Euthyroid sick syndrome may manifest with a variety of laboratory values. TSH is often initially elevated, with levels up to 20 mIU/L; in the acute setting, elevations beyond that level are usually accompanied by underlying permanent thyroid disease. In euthyroid sick syndrome, T4 is often normal though T3 is decreased; TSH decreases to normal or low values with prolonged non-thyroidal illness.
Events or circumstances such as pregnancy or medications/medical treatments rather than specific laboratory tests are the main means of diagnosing less frequent causes of hypothyroidism or abnormal thyroid function tests. Further confirmation is provided when symptoms/abnormalities resolve with discontinuation of the implicated agent.
Myxedema coma can occur with hypothyroidism of any etiology though is most frequently seen in elderly women and is often associated with cessation of thyroid supplementation or precipitants such as infection, ischemia/infarction, cold exposure, and medications such as high-dose opioids or occasionally amiodarone- or lithium-associated thyroid disease.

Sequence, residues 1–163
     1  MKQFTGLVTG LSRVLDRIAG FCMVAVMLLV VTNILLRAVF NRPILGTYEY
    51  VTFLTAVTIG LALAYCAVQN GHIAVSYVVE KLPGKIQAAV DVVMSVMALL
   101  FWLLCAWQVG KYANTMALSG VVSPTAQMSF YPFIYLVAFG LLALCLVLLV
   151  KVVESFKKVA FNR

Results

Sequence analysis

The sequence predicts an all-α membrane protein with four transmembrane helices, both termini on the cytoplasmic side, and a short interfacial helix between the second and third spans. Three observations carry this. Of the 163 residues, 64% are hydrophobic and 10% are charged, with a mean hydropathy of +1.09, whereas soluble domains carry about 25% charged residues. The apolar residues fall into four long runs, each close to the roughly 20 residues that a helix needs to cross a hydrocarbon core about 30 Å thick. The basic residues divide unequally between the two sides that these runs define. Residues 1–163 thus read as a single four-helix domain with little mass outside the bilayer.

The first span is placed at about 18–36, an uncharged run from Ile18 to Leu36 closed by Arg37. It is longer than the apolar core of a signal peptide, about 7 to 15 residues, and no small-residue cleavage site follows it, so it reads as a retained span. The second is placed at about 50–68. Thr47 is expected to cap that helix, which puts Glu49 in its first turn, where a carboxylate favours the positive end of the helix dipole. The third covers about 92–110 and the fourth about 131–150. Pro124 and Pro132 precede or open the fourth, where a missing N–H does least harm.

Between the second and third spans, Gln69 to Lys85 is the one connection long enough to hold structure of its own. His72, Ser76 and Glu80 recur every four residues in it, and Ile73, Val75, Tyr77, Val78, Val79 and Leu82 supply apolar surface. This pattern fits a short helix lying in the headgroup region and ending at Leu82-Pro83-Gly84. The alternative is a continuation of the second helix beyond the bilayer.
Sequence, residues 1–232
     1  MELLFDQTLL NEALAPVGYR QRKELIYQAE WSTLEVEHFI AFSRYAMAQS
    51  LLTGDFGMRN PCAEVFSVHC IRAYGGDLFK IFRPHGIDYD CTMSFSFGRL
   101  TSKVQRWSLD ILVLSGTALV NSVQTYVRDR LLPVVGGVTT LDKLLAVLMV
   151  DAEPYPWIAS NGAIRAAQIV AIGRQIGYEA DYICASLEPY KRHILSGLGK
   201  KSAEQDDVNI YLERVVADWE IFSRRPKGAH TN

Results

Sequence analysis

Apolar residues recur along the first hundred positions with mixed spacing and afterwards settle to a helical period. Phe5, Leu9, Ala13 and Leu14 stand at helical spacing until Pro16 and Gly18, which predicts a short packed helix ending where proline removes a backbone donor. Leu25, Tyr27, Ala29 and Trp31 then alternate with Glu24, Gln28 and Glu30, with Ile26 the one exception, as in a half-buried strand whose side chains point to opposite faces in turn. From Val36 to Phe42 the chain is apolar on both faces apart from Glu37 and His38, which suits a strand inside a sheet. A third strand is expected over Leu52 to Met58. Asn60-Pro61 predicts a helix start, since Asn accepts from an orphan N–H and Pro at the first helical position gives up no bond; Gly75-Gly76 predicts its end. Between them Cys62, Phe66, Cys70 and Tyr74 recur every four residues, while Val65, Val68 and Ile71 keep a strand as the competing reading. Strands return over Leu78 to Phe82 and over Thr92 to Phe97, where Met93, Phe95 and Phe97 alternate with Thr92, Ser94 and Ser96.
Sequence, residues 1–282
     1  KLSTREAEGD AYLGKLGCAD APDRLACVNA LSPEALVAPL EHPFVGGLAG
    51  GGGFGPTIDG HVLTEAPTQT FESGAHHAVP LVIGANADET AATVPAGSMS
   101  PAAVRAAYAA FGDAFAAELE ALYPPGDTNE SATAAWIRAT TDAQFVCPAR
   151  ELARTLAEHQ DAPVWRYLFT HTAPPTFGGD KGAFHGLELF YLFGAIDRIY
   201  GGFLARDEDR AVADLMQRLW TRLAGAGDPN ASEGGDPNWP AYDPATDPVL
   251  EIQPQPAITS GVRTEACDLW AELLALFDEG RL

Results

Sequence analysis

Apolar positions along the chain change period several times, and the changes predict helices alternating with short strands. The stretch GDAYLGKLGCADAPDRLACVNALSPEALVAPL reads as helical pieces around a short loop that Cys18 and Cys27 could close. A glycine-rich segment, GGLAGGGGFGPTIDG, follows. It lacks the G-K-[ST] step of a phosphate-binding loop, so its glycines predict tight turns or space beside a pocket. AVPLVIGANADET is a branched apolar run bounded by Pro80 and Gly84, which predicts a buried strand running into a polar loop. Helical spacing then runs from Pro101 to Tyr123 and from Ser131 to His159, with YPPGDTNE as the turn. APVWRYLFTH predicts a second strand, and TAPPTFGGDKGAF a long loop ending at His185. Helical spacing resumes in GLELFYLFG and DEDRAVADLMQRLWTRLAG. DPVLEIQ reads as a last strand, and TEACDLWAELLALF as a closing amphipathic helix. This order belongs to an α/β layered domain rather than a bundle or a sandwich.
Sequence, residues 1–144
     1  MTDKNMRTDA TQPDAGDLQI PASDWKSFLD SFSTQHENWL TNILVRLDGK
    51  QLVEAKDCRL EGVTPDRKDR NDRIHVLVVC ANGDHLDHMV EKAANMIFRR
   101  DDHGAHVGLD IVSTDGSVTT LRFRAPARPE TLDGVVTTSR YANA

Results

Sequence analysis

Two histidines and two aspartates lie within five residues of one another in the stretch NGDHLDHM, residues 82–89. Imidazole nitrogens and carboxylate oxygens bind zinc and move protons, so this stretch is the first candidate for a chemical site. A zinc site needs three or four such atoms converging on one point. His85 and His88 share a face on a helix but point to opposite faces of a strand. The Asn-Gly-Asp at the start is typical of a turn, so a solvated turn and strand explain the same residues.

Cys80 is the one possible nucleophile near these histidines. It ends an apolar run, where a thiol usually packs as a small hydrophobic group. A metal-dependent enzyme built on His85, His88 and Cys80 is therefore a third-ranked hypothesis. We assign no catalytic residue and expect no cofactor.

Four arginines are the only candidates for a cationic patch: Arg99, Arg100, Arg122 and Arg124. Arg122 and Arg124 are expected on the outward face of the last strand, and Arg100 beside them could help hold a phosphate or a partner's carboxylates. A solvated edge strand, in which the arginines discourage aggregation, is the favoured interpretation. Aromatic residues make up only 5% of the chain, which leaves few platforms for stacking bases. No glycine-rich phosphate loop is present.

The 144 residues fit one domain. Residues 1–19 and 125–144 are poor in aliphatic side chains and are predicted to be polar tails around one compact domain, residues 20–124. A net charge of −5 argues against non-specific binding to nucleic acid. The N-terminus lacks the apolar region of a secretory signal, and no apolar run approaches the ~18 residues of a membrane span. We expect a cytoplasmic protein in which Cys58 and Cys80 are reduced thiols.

Subclinical hypothyroidism is characterized by an elevation in TSH with normal levels of thyroid hormones.
D. Over-utilized or “wasted” diagnostic tests associated with the evaluation of this problem.
In the hospital setting there are only a few occasions when thyroid function testing is necessary beyond TSH, fT4, and perhaps thyroid antibodies. Given the changes in thyroid function tests during acute illness, further evaluation is indicated only in critically ill patients in whom true thyroid disease needs to be differentiated from euthyroid sick syndrome. In that situation, checking levels of T3 and total T4 are an appropriate addition to TSH and fT4 values. As an elevation of TSH up to 20 mIU/L can be associated with acute illness such as sepsis, further evaluation to look for underlying thyroid disease is indicated when the TSH is greater than 20 mIU/L.